A month or so back, one UU blogger was concerned that GenX ministers were not getting good positions in the search process and there was a bit of a debate about the relative qualities of the two generations, with stereotypes being thrown around which wouldn't have passed P.C. muster over a racial or sexual divide but have just enough validity over a generational divide. But not enough validity for my tastes, especially as it was my generation that was being dissed in the discussion.
I commented, and one of my favorite UU Bloggers responded a few days later, and I only just found it. The whole debate was so long ago that I thought I'd try to resurrect it here. After a comment in which I had called "nonesense" the notion that it takes a young minister to minister to young people, Peacebang, a Gen X minister, said this:
've been thinking a lot about what Christine says, and it's taken me a few days to articulate why I think she makes a valid point but not an entirely persuasive one. The issue, as I see it, is not whether or not Boomers can minister to younger people (or, for that matter, whether or not Gen Xers can minister to elders!). It's more about whether or not a specific generation has the ability to bring a fresh perspective to institutional leadership, not pastoral ministry.
Some of the questions I have for Boomer ministers are,
(1) when can we stop hearkening to the 60's as the great era of social change, when it's so long ago and there's still so much change necessary? (2) When are we going to accept that the things that were spiritually thrilling for your generation are now being questioned as cultural appropriation, ahistorical and often just not my generation's cup of tea? (3)Why are UU women my age still accused of not "understanding" feminism when we reject goddess thealogies as our primary religious orientation, and "selling out to the patriarchy" when we become Theists or Christians who embrace a Father God (and this is more linguistic than conceptual: we just aren't that hot under the collar about inclusive language)? (4)
How can we all do better at realizing that when we talk about economic justice for the poor, there is an entire population of 20-somethings graduating from college with crippling amounts of educational debt unbeknownst to previous generations, astronomical housing costs unknown to us when we were that age, and the prospect of never being able to retire? How should that change our institutional leadership styles and our class assumptions? (5) Are Boomer leaders ready to hear that young adults hunger for religious *experience* rather than Conversations About Religious Experience? And that ritual, religious language and spiritual practices that an older generation(s) still vehemently reject (unless its something exotic and Eastern) are not so anathema to our young adults?
There are many more, and of course I realize that I'm making generational generalizations, but they're based on a lifetime in UUism and a fairly broad geographic experience, as well as attention to latest studies. I say this not to throw down the gauntlet but to encourage conversation.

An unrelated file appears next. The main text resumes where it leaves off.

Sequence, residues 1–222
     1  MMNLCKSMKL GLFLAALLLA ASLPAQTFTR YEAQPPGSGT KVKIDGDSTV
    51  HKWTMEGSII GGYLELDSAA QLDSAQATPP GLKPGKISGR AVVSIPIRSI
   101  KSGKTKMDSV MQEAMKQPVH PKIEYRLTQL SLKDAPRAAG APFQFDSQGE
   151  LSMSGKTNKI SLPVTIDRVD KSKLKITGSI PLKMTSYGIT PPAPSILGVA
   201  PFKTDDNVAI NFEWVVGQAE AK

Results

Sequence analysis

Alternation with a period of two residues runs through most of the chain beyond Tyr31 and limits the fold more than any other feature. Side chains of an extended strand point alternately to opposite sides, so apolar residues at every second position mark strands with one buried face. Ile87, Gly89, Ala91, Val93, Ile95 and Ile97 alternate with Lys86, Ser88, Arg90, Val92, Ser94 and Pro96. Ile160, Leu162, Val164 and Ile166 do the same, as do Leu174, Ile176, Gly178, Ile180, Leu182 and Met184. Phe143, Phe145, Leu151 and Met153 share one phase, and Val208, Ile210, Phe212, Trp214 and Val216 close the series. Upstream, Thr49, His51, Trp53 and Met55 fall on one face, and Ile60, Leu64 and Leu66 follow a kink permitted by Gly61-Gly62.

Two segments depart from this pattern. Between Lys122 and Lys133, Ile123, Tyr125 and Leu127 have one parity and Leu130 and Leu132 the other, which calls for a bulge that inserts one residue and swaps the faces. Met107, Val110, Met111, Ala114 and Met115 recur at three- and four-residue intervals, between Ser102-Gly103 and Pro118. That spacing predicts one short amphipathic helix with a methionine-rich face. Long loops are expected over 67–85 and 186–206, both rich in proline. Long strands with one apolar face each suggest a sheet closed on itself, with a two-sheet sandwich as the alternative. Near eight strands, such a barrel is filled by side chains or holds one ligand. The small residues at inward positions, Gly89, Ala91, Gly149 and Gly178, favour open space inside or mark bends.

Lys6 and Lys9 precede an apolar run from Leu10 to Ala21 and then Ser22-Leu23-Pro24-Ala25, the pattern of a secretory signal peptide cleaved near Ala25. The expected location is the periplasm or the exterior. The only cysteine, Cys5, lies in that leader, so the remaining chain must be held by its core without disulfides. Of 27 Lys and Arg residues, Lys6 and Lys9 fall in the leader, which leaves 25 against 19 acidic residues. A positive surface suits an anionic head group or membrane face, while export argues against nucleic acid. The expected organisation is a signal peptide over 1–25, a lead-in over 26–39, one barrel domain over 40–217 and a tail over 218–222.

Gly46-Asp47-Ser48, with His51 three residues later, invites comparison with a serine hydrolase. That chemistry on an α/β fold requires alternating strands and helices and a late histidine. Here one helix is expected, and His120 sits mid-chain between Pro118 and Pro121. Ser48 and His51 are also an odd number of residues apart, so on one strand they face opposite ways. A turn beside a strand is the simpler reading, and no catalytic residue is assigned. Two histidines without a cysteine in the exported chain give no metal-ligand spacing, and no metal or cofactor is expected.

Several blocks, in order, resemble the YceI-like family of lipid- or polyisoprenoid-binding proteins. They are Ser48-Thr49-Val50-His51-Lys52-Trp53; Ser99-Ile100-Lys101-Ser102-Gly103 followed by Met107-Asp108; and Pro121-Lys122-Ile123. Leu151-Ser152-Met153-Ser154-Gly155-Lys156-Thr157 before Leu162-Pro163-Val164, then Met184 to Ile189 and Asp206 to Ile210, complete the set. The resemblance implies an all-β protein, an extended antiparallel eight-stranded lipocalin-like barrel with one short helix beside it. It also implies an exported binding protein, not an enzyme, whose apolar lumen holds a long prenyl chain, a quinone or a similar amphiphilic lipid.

To this, I replied:
Well, Peacebang, as a mid-boomer, I have to say that I've experienced most of what you have as a gen-x'er. I'm actually too young to have experienced the heady successful days of the 60's and am more aware of the painful and dissipated end to that era. I came to understand some of the issues of cultural appropriation some years ago and cringe at Goddess fundamentalism just as much as to any other kind. (including cultural appropriation fundamentalism which would leave every faith isolated in history and culture.) I've spent most of my career (and it's a long one, as I was a very young whippersnapper in my early ministry) trying to help spiritually skittish UU's come to embrace and speak about their spiritual experiences. And I don't think that I'm alone in many of these things in my boomer colleagues. Isolated out here as I am, I only know a few gen x ministers well, but I'm not really sure that their approaches to these issues are fundamentally different from mine.
I certainly agree with your list in the sense of the issues facing our denomination as a whole, but believe me, these issues pre-date the boomer generation. Frankly, but I think your real "adversary" in these things is not a generation of ministers but the UU Establishment Mindset, which comes in all generations. And revolutionaries (or more accurately in my case, slow and steady change agents) come in all ages, too.
And now, on reflection, I want to add two things. Firstly, that Peacebang's and my similarities from our life-long UU affiliation might outweigh our generational difference and secondly, that if there's a generational change here, perhaps it is from the ethos of the Silent Generation (which grew up during WWII), which the boomers began and the x'ers will continue, and the y's and Millenials will rail against in their middle and old age.
[Unitarian, Ministery, Generations,Boomer, GenX]